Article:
The Showcase Magazine - Articles

Hidden Holiday Dangers


By Mary Lou Hanlon


Holiday 2017 is upon us! Santa is making his list and checking it twice! Shopping, party planning, decorating, cooking, gift wrapping and family gatherings consume us. It is a joyous time of year but unfortunately it also has many hidden dangers for our furry family members.



Decorations can pose significant threats to our dear cats and dogs. Imagine their excitement when they realize not only is there a tree inside their home but one that is filled with wonderful colorful balls! While their interest may appear cute at first if left alone for a moment your beloved furry friend can not only damage your beautiful tree but get very hurt in the process.

Ingesting holiday ornaments can cause symptoms ranging from diarrhea, vomiting, and depression depending on if the item is passed in the animal’s stool naturally. If it gets stuck in the animal’s intestine surgery can become the only option.

A real favorite during the holiday season, shiny tinsel and beautiful ribbon is extremely attractive to our pets that can prove to be deadly. When swallowed, these types of materials can cut thru the intestines as the bowels contract. If not caught in time, infection of the stomach cavity can develop and prognosis is not good.

Those twinkling lights decorating your home and tree while beautiful can pose hidden dangers to our pets. Just one bite can result in an electrical shock causing burns, difficulty breathing, abnormal heart rate, loss of consciousness and death.

“O Christmas tree, O Christmas tree, How lovely are,thy branches”, live Christmas trees are beautiful and we tend to them to keep them green and fragrant for as long as possible. That tree stand you are filling with water and tree preservative can be a source of curiosity for your pet. If you are adding any type of preservative to the water check the label to see if it is pet friendly. Animals are quite attracted to foreign water sources and do not discriminate between healthy and poisonous liquids.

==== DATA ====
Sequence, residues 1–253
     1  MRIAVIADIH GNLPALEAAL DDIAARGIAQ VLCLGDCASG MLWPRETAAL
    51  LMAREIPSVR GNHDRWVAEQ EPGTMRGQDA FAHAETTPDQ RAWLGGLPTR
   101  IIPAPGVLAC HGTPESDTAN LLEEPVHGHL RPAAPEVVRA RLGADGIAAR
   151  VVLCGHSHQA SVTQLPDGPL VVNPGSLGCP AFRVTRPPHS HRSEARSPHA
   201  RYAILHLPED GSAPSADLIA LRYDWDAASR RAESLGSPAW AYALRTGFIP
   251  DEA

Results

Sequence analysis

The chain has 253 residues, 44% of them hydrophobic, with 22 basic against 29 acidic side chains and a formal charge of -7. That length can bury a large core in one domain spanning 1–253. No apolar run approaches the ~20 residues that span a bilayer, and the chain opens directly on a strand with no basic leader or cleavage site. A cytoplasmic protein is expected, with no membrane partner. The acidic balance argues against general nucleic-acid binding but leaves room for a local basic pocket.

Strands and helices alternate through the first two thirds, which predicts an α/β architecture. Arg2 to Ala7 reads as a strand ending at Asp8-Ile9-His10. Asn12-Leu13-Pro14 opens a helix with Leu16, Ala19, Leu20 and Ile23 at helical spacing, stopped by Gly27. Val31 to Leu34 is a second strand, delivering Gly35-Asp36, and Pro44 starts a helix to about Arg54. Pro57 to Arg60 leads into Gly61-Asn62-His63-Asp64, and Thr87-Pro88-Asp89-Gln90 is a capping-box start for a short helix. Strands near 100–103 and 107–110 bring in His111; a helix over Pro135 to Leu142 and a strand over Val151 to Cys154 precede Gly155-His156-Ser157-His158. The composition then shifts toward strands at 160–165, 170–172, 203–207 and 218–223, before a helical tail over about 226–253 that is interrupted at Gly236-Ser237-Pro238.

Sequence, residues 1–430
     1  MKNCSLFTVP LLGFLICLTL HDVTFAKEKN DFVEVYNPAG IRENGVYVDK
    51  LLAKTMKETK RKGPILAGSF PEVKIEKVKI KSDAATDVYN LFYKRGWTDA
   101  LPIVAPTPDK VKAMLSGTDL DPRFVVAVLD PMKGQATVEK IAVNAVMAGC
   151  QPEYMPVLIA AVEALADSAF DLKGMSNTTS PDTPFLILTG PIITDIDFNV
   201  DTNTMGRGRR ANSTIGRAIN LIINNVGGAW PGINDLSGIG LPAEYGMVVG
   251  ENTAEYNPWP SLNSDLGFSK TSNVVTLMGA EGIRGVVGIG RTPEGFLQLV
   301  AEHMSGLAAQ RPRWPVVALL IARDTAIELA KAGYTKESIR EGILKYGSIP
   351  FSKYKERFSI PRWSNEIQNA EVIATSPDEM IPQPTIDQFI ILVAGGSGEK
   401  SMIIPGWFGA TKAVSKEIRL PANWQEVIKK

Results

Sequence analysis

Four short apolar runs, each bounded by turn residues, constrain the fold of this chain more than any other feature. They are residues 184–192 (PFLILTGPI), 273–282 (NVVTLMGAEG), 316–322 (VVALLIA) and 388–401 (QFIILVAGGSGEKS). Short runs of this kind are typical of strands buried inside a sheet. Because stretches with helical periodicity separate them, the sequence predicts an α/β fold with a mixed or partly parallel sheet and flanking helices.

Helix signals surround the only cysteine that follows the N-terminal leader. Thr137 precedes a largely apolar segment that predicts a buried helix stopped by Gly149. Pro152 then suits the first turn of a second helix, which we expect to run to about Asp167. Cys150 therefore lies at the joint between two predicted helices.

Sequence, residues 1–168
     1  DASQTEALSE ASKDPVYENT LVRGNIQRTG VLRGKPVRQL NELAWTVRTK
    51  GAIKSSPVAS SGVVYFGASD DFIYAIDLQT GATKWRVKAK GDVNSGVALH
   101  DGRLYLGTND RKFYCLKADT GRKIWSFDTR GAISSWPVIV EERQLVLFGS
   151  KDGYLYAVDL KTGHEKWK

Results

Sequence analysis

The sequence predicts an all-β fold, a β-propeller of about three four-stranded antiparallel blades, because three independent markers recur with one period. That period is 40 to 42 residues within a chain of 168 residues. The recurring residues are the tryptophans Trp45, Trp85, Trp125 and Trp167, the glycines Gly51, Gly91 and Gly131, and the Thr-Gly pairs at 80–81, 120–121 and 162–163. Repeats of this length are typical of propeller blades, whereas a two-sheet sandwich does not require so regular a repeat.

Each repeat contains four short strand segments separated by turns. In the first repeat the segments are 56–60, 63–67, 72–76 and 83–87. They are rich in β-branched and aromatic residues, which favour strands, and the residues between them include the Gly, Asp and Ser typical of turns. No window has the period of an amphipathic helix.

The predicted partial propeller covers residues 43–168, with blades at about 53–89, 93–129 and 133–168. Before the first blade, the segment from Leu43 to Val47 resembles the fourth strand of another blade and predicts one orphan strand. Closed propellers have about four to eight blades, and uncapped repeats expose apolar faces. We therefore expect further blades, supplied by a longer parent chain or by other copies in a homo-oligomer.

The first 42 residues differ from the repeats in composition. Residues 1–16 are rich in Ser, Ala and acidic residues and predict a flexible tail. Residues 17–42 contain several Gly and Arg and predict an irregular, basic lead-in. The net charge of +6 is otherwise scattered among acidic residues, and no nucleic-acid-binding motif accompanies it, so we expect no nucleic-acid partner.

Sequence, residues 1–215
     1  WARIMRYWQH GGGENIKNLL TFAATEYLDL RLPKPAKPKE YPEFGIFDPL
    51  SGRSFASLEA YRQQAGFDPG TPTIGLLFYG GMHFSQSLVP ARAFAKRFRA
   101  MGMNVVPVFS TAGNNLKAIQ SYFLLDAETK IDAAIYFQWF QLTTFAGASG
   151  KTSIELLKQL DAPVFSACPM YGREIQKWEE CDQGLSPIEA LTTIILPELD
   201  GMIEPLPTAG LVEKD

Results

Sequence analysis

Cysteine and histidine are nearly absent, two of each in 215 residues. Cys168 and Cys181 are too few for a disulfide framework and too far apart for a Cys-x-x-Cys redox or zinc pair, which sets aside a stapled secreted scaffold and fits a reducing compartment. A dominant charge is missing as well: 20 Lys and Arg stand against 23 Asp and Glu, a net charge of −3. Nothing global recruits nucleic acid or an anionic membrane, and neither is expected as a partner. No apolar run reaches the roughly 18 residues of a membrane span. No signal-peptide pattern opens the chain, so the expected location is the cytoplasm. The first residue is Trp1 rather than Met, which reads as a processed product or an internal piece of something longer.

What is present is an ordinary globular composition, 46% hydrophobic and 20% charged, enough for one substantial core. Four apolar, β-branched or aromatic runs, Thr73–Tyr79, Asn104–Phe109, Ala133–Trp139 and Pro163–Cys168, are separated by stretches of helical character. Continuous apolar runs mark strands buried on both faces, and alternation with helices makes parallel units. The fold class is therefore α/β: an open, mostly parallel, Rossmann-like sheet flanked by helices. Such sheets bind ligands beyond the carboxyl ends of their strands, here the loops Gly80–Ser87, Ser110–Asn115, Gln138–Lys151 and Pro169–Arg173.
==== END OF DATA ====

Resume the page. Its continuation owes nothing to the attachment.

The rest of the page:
Let the mistletoe be a good excuse to get a smooch from the one that you admire but keep it clearly out of the way of your four-legged friend. Mistletoe and holly can be toxic to animals. Your cat or dog vomiting and having diarrhea are sure to put a squash on that romantic feeling in the air.

What better time than the holidays for your dog to show you he isn’t the least bit concerned of committing the sin of gluttony. Well-meaning friends and relatives who want to be sure your family pet is also enjoying himself during the holidays might just be giving your Fido or Miss Kitty one too many snacks. Do not expect your animal to politely turn way. They will instead graciously chow down and in their adoring way look at them pleading “more please!” Let us also not forget the many hams, turkeys and roasts that get swept off the table by the unattended canine leaving the host embarrassed, the guests hungry and the dog sick.

With a bit of organization and pre-planning all the hazards mentioned above can be avoided. If your animals are not trained to withstand the many holiday temptations make sure you have a safe place for them to be. While it might seem a bit inconvenient it pales in comparison to having to rush your animal to the emergency facility Christmas Eve.

For an easy healthy holiday treat for your pets, soak your pets kibble in a little water until you can mash it up and it forms a “dough”. Cut into festive shapes and bake until crispy! Critter cookies!

Have a wonderful holiday season!


Mary Lou Hanlon is a longtime resident of Warren and is the owner of PetMinders, Inc, The Kennel Alternative. PetMinders has been providing professional pet sitting and dog training lessons in the privacy of clients homes for over 18 years. Mary Lou is one of the nation's top agility competitors. She has competed both nationally and internationally and has received numerous awards in both dog obedience and agility. She can be reached at 908-755-PETS (7387), via email at petmindersinc@yahoo.com or visit the website www.petmindersinc.com